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Design of the high voltage driver circuitry

A project log for Multiplexed ESP8266 nixie clock project

A design for an ESP8266 based Nixie Tube Clock, suitable for home-made PCB construction

David PyeDavid Pye 01/20/2019 at 22:251 Comment

This clock is designed to multiplex the nixie tubes.

This means that only one tube is illuminated at any one time, and the code turns each tube on and off quickly enough that your eyes see them all as being on simultaneously.

A nixie tube has one anode, and a number of cathodes.  Most numerical display tubes have 10 cathodes (digits 0-9) although some have as many as 12 (two decimal point cathodes - leading and trailing).

For direct drive designs the number of output lines from the microcontroller to drive the displays are 10 * number of tubes.

For multiplexed designs, the number of output lines required for switching is 10 + the number of tubes.  So, for a 6 tube clock, a total of 16 output lines are required.  Conveniently a pair of 74HC595 shift registers will provide 16 bits of output.

Advantage: Less circuitry  + IO required, easier wiring

DIsadvantage: More software complexity and timing.   Less bright for given current, so much higher current pulses are required to achieve the same brightness as a direct drive design, which may wear out the tubes more quickly (may - there are many different viewpoints on this!)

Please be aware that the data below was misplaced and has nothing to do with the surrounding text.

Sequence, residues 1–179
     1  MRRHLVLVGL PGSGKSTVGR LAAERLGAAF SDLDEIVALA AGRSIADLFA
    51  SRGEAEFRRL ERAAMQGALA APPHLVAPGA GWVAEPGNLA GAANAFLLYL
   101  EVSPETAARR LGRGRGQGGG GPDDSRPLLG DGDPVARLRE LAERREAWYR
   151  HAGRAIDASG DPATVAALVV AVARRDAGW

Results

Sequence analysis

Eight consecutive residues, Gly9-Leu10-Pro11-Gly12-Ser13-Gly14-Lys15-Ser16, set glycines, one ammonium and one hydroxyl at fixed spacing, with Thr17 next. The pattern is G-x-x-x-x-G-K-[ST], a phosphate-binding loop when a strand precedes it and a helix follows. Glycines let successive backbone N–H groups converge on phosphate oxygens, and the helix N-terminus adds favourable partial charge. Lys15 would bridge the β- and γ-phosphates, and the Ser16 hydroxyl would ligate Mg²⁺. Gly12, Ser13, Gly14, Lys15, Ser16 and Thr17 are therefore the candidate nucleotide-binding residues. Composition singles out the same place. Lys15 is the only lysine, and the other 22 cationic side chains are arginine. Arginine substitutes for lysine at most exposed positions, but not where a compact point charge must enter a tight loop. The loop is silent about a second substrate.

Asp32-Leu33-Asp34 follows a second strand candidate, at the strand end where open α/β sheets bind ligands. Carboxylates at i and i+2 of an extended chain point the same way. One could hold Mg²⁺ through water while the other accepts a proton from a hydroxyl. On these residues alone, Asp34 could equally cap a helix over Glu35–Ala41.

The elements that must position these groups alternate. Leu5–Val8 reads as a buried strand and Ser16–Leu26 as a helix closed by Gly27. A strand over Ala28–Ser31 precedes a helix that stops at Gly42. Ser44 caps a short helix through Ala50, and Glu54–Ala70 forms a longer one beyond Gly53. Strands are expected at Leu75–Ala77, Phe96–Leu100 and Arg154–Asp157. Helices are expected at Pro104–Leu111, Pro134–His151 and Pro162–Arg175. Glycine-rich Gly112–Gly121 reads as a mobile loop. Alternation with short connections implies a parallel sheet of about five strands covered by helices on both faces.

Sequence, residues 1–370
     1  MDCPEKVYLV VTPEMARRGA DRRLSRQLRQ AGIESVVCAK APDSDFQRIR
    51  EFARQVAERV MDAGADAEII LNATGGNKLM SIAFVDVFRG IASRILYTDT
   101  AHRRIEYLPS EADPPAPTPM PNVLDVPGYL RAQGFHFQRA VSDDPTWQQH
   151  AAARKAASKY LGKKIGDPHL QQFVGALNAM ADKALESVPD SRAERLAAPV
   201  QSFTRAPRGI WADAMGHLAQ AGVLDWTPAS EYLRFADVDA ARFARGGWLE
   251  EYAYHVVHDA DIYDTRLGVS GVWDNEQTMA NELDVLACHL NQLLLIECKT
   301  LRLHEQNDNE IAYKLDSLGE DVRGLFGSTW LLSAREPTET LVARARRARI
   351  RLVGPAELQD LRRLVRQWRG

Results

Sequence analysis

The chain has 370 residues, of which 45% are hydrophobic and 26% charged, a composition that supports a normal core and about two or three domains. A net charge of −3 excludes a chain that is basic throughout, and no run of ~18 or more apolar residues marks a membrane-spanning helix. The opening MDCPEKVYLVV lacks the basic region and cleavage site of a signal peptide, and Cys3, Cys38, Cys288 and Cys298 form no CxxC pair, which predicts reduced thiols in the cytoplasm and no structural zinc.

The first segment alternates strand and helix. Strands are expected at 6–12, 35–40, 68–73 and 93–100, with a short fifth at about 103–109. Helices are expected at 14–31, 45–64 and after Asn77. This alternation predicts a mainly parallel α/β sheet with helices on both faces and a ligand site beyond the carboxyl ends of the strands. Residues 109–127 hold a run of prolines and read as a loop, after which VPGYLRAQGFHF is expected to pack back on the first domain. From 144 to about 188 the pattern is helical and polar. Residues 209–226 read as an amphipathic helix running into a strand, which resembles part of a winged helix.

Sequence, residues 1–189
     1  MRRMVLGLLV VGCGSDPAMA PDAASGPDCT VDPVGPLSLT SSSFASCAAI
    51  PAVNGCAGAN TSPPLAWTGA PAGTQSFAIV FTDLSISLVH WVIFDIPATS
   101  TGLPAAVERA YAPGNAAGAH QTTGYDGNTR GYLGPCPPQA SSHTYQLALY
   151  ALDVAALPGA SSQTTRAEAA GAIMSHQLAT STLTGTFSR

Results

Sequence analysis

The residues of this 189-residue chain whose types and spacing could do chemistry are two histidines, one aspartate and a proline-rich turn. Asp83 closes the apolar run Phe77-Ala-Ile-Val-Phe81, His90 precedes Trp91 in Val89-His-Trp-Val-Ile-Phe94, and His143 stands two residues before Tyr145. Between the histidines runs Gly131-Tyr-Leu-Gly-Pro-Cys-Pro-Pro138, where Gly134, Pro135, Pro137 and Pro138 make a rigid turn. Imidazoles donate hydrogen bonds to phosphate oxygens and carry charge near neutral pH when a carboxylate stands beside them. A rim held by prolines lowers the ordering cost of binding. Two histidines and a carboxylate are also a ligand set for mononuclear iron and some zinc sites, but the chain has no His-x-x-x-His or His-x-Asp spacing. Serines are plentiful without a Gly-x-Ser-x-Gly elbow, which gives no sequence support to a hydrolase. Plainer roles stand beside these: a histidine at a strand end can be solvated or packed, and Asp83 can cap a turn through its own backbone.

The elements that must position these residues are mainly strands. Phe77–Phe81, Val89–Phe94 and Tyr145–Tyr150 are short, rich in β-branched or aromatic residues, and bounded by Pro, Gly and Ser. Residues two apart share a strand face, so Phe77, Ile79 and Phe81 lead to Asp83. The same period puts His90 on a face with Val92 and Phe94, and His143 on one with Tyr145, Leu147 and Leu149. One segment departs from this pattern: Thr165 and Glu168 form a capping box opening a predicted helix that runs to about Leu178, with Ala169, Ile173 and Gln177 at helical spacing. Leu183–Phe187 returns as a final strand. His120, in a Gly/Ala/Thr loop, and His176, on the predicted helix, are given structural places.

Most multiplex designs use the following basic design:


Microcontroller pins can't drive high voltage directly, so transistors are often used.   Controlling the cathodes to pull them to GND Is easy, and can be done with a high-voltage capable NPN transistor, such as an MPSA42, like this:

When address line C10 is pulled HIGH, the transistor conducts, and Cat10 here is connected to ground, illuminating that segment.

However, pulling an anode 'HIGH' to select a tube is harder, as this requires level switching.  This design uses the following schematic: (+48V is actually +HV @ 170volts), and A1 is the address line.  AN1 is the wired to the anode of Nixie 1.  Q1 is an MPSA42, and Q2 is the PNP version (MPSA92).

So, when the address line A1 goes HIGH, the transistors switch, and 170V is applied to the tube's anode, thus selecting it.

So, the HV drive circuitry for this design consists of:

10 x the cathode drive circuitry

6 x the anode drive circuitry

(Actually, there is a spare cathode drive circuit, which you can use to drive some neon indicators for decimal points etc if you like!)

Discussions

Ken Yap wrote 01/20/2019 at 23:45 point

There's another configuration for the anode drive circuit that saves three base resistors, if you care. This "all your base are belong to us" configuration is described here: https://web.jfet.org/nixie-1/NixieTransistors.pdf I've seen it in use in my ancient Beckman clock (https://hackaday.io/project/160958-restoring-a-beckman-neon-display-clock). The drive inputs then become active low. Current handling of the MCU won't be a problem for you as you only need to sink enough current to drive the MPSA92.

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